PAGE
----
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Elder Law

“A man may be so much of everything that he is nothing of anything.”  – Samuel Johnson, The Life of Johnson, Vol 4

At Jones Elder Law our primary focus is Elder Law and the protection of our client’s assets. We have seen firsthand the effects on a family and their life savings as someone’s health starts to decline. The travesty is that with proper planning these families do not have to go through that. It is possible to ensure that your loved one receives quality care and the assets you have spent a lifetime accumulating are not decimated. If you or your loved one is faced with increasing care needs and mounting cost, Elder Law is the practice that can allow you to regain control of your situation. Sadly, many people are not even aware that Elder Law exists.

Elder law is like estate planning on steroids. Many of the same types of legal documents are used but they are significantly modified and enhanced to help the clients protect their assets against the devastatingly high costs of long-term health care. The Elder Law attorney works with their clients and their loved ones to develop a plan that will both protect their assets and distribute the client’s assets upon their eventual demise, with a minimum of taxes and other problems. The goal of the Elder law attorneys at Jones Elder Law is to allow our clients to maintain their dignity, independence, and standard of living throughout their entire life. We address long-term care and estate planning needs of each individual based upon his or her unique situation.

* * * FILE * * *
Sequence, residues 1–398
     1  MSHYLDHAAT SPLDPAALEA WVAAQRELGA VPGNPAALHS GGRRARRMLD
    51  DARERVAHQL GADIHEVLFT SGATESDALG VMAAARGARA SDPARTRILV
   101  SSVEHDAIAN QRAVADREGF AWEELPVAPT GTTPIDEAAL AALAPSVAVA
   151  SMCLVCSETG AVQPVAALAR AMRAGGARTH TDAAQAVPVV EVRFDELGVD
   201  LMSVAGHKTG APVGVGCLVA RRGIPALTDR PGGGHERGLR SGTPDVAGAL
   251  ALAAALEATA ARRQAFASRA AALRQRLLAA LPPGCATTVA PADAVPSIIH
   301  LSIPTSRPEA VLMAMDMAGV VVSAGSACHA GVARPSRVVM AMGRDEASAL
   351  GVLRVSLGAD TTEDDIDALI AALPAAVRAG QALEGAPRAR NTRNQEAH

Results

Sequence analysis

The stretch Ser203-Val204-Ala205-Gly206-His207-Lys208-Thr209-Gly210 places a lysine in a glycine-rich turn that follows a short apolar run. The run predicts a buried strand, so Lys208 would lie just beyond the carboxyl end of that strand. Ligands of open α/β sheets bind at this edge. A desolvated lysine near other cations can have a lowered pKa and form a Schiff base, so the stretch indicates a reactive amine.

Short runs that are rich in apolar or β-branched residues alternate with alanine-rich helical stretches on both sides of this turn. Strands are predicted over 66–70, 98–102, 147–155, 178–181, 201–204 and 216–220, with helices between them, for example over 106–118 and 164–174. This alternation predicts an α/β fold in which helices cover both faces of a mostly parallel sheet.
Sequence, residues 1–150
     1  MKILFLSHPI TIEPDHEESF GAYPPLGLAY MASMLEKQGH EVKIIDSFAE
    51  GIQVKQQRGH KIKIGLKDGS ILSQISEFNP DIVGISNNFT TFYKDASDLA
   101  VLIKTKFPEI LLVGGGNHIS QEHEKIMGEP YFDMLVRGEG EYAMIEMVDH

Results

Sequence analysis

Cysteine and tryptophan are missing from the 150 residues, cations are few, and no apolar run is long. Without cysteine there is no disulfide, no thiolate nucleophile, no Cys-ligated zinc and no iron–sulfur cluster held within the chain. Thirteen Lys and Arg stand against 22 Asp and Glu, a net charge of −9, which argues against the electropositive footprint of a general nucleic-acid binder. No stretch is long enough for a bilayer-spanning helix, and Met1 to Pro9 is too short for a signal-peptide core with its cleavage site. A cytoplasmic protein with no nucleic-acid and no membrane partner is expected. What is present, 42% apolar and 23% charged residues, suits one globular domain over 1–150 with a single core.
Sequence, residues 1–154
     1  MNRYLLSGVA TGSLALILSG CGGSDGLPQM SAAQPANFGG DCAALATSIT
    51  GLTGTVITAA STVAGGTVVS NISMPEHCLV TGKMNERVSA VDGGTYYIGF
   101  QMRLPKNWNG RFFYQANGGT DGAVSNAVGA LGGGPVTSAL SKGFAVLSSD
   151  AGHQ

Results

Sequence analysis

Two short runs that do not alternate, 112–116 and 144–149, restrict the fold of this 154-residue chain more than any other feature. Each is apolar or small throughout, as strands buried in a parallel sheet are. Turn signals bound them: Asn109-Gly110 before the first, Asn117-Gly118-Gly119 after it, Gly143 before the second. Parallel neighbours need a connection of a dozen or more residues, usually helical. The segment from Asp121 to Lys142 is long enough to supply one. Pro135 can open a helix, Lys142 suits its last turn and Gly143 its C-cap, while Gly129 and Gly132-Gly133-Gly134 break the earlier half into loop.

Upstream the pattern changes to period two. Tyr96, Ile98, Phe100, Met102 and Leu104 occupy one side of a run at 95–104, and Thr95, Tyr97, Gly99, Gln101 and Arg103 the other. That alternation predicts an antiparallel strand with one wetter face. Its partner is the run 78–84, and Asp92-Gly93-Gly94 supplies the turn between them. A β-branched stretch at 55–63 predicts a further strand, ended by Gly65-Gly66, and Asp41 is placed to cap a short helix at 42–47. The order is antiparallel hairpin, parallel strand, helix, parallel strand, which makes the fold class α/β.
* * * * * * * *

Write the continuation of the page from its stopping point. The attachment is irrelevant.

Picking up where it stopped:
How are Elder Law documents different? Traditionally a power of attorney is used in the estate planning process to make sure that someone has the ability to make changes to your finances including paying your bills when you are no longer able to do so. It is a critical document that everyone over the age of 18 should have to avoid the need for a guardianship or a conservatorship action. For Elder Lawyers the power of attorney takes on an even greater role. Elder Lawyers use numerous techniques such as half a loaf gifting, promissory notes, caregiver agreements, transferring property to different names or entities. In many cases the client’s health has declined to the point that they are no longer able to carry out business and financial transaction on their own. That means in order to protect their assets the Agent under the power of attorney will need to carry out the plan. Whether or not the Agent will have the power to protect their loved one is the key. The Agent can only undertake strategies and transactions for which they have a specific grant of authority under the power of attorney. If the power of attorney does not allow them to undertake a half a loaf strategy, then the assets cannot be protected. Accordingly, the power of attorney used by an Elder Lawyer is considerably longer than the traditional power of attorney for estate planning. That is because the elder law power of attorney enumerates countless methods that can be undertaken by the agent to protect their loved one. The proper power of attorney is the lynch pin that allows an Elder Law attorney to help families. Without it, if the client no longer has the capacity to sign legal documents, the only option would be to seek a guardianship or conservatorship and then attempt to gain court approval employing an asset protection plan. While not impossible, it adds additional complexity, time and cost to the process than can be avoided by simply making sure the power of attorney provides all the powers needed.